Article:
Wardrobe malfunction

“Oh, there was this one really good malfunction. It happened while we were workshopping (“A 24-Decade History of Popular Music”) in San Francisco,” Machine Dazzle says. “One of my favorite costumes, the Crazy Jane costume, has different layers. There’s this big top layer, and it got caught on an under layer, because there’s a lot of fringe. He needed to get on this cherry picker on the stage, and the whole big costume couldn’t fit. The two layers ended up getting stuck together, so we ended up just taking off both costumes, and he was just in his underwear, the headpiece, and the shoes for the rest of that decade.

“I think that was the night Nancy Pelosi and her husband were there. It was so good. It was kind of a fabulous accident, that we actually kept it, and he did every show in his underwear.”

Being gay affects his art

“It absolutely does. I mean, I think it does if you are any kind of alternative person,” Machine Dazzle says. “I lived in very conservative places where it was not OK to be gay growing up. I imagine as a woman, or a person of color, or handicapped, if you’re different and people let you know it, you find alternative ways of thinking. I like to say, I think outside the box, because I was never in the box. They wouldn’t let me in. If you’re a designer it affects your daily life. And if you’re a designer, I guarantee it affects the way you think.”

Fashion lesson for the audience

“The audience has work to do,” Machine Dazzle says. “If you just serve them a beautiful costume, they have no work to do. They just sit and  think, Oh, it’s lovely. But if there’s something a little off about it, they’re forced to think about it. I’m not knocking anything that’s camp, beautiful, and gay. That can all be fabulous and lush, and it can be inspiring. But at the end of the day, beautiful falls short if it’s not really interesting. I prefer things that are beautiful and interesting. And I definitely prefer interesting to beautiful.”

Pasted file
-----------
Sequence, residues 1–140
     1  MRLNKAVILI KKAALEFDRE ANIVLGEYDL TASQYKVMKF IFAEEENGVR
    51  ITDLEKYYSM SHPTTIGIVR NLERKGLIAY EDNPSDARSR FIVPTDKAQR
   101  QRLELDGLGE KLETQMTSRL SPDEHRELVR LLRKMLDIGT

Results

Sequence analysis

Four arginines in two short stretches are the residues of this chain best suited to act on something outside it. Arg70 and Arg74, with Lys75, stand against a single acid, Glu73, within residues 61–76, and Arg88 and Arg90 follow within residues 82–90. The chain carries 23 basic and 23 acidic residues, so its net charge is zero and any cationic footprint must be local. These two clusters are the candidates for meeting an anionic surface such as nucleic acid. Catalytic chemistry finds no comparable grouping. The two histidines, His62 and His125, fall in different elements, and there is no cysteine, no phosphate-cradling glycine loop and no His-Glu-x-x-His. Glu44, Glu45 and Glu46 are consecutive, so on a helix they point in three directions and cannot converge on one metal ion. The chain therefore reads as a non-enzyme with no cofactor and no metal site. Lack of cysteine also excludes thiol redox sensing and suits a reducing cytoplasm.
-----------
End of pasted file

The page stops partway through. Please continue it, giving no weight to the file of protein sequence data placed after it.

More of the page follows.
About the author

Greg Mellen

Greg Mellen is the rarest of dinosaurs -- One who survived 35 years in newspapering before being “downsized” from the Orange County Register. Mellen has won more than 36 journalism awards before losing count, and believes his best work has often been the least noticed. He inherited a cat, Cleo, who spends her days plotting his demise. In his spare time, Mellen dabbles in fiction, which he attempts to keep out of his journalism.